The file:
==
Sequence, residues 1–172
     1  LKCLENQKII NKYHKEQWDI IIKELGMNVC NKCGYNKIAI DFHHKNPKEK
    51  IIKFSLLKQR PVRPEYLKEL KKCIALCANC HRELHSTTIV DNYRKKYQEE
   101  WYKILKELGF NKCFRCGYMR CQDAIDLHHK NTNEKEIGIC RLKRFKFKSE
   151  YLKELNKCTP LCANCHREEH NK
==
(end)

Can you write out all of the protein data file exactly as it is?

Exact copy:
Sequence, residues 1–172
     1  LKCLENQKII NKYHKEQWDI IIKELGMNVC NKCGYNKIAI DFHHKNPKEK
    51  IIKFSLLKQR PVRPEYLKEL KKCIALCANC HRELHSTTIV DNYRKKYQEE
   101  WYKILKELGF NKCFRCGYMR CQDAIDLHHK NTNEKEIGIC RLKRFKFKSE
   151  YLKELNKCTP LCANCHREEH NK